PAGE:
When faced with excessive detail in an online environment, typical users have difficulty processing all the elements of representation. This in turn creates cognitive overload, which narrows the user's focus to a few select items. In the context of e-learning, we translated this aspect as the learner's demand for a system that facilitates the retrieval of learning content–one in which the representation is easy to read and understand. We hypothesized that the representation of content in an e-learning system's design is an important antecedent for learner preferences. The aspects of isolation and distinctiveness were incorporated into the design of e-learning representation as an attempt to promote student cognition. Following its development, the model was empirically validated by conducting a survey of 300 university students. We found that isolation and distinctiveness in the design elements appeared to facilitate the ability of students to read and remember online learning content. This in turn was found to drive user preferences for using e-learning systems. The findings provide designers with managerial insights for enticing learners to continue using e-learning systems.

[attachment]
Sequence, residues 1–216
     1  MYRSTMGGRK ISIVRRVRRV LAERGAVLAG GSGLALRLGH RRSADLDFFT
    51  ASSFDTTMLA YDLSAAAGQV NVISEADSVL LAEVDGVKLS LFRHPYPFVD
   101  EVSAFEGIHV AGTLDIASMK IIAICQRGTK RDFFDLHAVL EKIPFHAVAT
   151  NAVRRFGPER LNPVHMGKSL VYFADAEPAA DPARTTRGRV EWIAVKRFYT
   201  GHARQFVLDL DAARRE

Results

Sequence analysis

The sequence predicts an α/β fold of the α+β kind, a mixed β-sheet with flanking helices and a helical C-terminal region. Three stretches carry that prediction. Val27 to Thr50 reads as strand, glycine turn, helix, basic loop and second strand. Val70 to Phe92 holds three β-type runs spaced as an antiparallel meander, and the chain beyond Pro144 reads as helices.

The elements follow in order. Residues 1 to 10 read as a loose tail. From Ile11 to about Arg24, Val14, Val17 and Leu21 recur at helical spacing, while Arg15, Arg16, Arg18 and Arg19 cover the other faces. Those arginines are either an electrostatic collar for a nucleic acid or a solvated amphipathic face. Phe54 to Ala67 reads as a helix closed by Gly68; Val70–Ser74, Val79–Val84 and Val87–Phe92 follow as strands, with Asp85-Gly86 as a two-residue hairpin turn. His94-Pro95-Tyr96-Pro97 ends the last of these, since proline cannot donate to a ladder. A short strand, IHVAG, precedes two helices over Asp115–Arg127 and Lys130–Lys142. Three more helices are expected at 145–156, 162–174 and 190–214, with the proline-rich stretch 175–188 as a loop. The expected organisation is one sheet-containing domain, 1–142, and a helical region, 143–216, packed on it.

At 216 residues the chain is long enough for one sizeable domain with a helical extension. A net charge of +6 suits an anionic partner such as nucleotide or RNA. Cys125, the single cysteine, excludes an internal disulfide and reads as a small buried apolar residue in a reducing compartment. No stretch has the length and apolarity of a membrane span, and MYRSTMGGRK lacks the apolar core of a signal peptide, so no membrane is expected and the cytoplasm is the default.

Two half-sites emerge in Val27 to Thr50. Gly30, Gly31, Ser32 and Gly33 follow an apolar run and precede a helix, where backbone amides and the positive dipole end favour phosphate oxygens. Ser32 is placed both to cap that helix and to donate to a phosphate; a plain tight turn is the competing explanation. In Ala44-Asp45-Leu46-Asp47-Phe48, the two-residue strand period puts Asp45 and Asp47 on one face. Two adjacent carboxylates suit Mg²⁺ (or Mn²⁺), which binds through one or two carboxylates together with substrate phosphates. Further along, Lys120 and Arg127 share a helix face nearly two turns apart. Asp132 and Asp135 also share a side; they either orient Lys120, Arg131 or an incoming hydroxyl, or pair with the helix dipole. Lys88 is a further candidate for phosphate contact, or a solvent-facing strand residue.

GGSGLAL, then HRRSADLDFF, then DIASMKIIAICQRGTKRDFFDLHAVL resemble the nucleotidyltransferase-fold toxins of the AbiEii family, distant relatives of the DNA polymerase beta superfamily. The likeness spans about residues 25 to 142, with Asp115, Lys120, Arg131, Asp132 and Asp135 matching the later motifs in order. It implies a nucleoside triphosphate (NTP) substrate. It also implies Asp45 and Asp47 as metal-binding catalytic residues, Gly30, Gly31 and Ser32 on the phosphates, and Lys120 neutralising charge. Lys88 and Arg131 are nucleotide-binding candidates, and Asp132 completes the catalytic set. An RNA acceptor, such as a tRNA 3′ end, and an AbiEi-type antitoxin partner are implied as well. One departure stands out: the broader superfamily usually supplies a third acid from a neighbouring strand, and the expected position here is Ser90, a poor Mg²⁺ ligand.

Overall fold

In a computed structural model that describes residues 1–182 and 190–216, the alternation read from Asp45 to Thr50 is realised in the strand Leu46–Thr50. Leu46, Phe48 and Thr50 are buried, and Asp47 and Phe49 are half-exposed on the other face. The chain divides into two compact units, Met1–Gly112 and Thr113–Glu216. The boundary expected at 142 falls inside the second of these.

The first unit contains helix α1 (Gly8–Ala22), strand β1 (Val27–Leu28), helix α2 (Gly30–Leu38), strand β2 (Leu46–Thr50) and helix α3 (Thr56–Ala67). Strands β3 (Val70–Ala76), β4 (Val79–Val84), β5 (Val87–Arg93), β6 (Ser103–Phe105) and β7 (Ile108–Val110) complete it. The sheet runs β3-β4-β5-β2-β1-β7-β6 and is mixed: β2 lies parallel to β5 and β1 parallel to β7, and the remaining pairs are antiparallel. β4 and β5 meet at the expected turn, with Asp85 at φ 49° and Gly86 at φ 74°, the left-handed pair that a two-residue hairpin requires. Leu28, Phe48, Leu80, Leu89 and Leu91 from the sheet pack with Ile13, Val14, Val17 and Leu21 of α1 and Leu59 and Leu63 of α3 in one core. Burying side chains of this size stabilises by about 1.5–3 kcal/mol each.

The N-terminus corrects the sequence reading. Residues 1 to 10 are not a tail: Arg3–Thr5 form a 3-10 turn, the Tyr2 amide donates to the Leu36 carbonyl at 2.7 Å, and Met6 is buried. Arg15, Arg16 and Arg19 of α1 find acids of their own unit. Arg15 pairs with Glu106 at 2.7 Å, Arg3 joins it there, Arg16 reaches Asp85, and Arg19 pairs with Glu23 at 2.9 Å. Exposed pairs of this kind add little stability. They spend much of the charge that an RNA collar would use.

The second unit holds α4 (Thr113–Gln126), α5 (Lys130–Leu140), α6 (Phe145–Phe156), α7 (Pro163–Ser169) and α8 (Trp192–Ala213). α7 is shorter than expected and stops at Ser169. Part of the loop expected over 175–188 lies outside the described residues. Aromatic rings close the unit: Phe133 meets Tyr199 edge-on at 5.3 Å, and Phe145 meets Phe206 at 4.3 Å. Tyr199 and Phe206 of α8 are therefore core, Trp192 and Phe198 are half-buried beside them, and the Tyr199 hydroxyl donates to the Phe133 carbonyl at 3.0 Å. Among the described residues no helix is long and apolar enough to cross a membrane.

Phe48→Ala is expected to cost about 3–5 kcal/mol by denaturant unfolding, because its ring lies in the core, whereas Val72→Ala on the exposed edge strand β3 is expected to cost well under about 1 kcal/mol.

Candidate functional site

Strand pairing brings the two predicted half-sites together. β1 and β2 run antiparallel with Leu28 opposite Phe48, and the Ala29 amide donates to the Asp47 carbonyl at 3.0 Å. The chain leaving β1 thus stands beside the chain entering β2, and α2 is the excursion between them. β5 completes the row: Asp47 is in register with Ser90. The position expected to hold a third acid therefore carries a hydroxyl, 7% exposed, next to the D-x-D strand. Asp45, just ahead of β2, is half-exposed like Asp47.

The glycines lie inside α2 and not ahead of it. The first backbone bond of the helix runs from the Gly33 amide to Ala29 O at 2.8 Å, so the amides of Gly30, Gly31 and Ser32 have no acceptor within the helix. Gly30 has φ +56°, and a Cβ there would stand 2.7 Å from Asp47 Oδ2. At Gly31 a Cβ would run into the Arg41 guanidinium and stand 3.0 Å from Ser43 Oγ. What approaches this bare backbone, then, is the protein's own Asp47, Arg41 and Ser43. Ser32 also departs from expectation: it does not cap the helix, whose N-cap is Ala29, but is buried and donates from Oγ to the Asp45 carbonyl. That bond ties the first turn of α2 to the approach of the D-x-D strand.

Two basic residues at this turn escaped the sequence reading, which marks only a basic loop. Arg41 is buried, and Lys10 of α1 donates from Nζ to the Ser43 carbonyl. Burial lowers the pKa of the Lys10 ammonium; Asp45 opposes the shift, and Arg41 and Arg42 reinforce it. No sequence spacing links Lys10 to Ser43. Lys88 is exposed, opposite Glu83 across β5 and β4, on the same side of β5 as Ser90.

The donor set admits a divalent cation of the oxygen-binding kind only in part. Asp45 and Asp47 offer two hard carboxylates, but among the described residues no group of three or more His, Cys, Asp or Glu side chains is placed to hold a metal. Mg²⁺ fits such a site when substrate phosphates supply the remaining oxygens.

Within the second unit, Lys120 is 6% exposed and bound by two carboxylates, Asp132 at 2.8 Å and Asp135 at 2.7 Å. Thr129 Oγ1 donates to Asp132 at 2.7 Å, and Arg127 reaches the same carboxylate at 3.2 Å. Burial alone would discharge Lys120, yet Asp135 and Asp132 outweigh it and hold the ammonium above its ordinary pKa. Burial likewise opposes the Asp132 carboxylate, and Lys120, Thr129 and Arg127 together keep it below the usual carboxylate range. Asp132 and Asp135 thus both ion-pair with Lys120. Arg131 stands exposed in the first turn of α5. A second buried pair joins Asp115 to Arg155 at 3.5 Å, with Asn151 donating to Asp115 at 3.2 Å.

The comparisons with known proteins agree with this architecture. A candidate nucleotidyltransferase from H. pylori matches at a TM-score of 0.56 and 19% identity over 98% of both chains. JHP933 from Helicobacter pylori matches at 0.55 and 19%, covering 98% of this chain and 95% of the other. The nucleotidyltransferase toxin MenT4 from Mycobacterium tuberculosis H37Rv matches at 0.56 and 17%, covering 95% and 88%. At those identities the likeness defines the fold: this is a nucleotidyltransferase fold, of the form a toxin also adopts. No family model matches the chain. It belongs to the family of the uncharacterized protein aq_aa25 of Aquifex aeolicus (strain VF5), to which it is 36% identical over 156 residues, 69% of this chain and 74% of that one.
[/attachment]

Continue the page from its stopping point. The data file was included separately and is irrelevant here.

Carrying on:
- Human–computer interface
- interactive learning environments
- pedagogical issues
- post-secondary education
ASJC Scopus subject areas
- Computer Science Applications